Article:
BRAIN Power Doubler #42

When the currency of information is a critical factor, don't accept
it at face value. Take the time to locate the original person or
study (libraries and the Internet are great for this), and make
sure what you have been told by others is correct.

Is There Supporting Evidence or Is It Just a Point of View?

One drawback of the electronic age is that we are barraged on all fronts by personal points of view masquerading as facts. It's just personal opinion unless the author or speaker offers specific figures, surveys, sources, or actual cases. Anything else is unsupported assumptions. Without expertise or verifiable data, one person's opinion is no better than any other's. Points of view can be enlightening, but don't mistake them for facts.

BRAIN Power Doubler #43

It's poor judgment to proceed on the basis of nothing more substantial
than someone else's personal opinion.


In 95 percent of all cases when you find something worth noting, remembering, or acting on, the previous seven questions will tell you if it's bogus or not. But some writers, authors, and speakers are experts at massaging facts and slanting words to create misleading conclusions and have hidden agendas. But you can unmask their efforts to bamboozle, mislead, and exploit you. It's easy to spot such information manipulation every time when you know the telltale clues.

My friend, Dr. Samantha N., a general practitioner, faced a mountain of mailers from pharmaceutical companies every day. Each touted the benefits of its medicines and drugs. Medical school had trained her to heal. But not a word was said about how to evaluate the sales pitches of drug companies. Samantha left one of my California seminars armed with the knowledge of how to spot information manipulation. Three weeks later, she called to report that the knowledge allowed her to identify phony claims and dubious products. Once she had started to do that, Samantha said, she noticed that some companies were more deceptive in the way they presented their facts than others. She planned to scrutinize any medicine that came from their laboratories very carefully before using it.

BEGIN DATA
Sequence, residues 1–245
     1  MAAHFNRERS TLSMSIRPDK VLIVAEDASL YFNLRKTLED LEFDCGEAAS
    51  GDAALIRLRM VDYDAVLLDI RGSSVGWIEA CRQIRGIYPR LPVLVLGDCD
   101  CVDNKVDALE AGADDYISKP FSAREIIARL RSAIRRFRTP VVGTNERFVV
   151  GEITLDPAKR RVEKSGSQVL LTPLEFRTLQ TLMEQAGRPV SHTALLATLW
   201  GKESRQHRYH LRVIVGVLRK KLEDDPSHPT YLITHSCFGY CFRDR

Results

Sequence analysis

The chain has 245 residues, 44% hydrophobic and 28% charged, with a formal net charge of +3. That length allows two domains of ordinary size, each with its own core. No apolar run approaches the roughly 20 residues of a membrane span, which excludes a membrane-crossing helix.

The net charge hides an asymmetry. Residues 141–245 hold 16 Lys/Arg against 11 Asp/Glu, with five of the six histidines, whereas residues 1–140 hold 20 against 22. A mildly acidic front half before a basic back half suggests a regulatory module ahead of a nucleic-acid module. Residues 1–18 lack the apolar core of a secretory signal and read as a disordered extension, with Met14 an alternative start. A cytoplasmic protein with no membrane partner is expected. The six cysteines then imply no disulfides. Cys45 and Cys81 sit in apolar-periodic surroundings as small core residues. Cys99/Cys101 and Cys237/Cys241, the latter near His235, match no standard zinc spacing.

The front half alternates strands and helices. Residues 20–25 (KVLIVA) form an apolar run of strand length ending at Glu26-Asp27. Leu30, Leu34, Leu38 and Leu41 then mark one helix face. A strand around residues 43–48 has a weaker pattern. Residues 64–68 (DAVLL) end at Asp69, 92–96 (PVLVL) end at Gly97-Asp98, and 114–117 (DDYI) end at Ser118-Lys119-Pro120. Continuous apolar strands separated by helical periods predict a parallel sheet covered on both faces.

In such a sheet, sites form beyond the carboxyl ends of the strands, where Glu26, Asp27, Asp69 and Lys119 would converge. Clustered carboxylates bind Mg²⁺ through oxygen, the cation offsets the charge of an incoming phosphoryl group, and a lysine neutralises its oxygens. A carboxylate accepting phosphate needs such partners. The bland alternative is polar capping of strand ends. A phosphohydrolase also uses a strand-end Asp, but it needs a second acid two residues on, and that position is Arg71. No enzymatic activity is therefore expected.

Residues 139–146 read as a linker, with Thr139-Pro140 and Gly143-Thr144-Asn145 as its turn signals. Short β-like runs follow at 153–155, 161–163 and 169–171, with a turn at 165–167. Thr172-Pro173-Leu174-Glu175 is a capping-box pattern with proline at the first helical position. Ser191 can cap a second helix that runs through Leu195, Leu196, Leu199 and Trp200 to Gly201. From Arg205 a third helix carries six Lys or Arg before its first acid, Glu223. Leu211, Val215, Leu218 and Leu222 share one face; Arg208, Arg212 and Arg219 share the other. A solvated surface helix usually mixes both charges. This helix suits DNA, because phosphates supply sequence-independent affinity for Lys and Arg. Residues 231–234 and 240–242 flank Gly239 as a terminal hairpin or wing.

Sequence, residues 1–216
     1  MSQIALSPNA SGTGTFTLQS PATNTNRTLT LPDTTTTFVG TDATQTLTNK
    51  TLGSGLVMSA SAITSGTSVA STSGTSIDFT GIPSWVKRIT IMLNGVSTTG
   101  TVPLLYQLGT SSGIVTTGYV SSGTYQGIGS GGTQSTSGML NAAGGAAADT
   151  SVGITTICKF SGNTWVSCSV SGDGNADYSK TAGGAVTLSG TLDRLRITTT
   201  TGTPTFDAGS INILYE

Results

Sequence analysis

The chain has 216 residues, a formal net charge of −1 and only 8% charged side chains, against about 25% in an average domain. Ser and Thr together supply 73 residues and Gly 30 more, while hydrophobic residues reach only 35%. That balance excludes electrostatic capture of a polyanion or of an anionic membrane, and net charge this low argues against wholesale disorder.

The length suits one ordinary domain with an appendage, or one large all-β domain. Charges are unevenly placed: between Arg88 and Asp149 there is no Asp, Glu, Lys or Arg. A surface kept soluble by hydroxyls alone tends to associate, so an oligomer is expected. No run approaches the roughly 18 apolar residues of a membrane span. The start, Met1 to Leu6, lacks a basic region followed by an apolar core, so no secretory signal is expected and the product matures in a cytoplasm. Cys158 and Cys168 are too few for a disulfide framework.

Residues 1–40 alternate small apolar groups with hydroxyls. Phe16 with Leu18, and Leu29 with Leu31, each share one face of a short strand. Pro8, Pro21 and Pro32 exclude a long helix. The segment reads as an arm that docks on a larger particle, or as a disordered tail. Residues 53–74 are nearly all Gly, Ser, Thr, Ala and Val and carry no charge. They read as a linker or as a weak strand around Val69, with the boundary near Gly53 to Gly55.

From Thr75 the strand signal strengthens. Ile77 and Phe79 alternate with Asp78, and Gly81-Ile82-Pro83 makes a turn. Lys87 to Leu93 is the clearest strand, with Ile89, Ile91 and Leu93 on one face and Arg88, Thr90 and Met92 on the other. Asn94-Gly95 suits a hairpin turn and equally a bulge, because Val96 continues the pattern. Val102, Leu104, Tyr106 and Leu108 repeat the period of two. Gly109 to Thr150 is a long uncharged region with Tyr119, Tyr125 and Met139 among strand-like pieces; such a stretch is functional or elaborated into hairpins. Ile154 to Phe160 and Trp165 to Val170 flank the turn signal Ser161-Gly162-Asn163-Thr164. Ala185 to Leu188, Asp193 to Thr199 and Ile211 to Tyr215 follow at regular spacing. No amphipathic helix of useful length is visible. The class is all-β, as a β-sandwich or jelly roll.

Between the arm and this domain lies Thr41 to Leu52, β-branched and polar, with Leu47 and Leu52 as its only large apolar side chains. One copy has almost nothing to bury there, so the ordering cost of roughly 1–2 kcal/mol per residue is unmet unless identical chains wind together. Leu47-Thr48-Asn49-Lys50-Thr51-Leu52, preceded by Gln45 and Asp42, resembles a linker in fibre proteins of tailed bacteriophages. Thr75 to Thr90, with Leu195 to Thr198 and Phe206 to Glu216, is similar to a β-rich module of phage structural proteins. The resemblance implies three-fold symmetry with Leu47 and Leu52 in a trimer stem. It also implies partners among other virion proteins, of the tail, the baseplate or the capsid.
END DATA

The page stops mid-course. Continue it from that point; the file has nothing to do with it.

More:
Spotting "Selected Proofs"

Information manipulators are masters at presenting only material that supports their ideas. They deliberately leave out all the inconvenient facts that contradict them. (And since there are two sides to every story, there is always something to be said for the other side.) For example, what if someone wanted to sell you on the effectiveness of their management-training seminar? The brochure would be filled with glowing testimonials from those who had great success putting the seminars' principles into practice. It would look worthwhile. But those individuals might number only a few out of hundreds or thousands. Many more might have had just the opposite experience; they might have found that what the seminar taught didn't work in real life. (And those who did succeed might well have succeeded because of their own talent, in spite of the seminar,not because ofit.)

Brain Power Doubler #44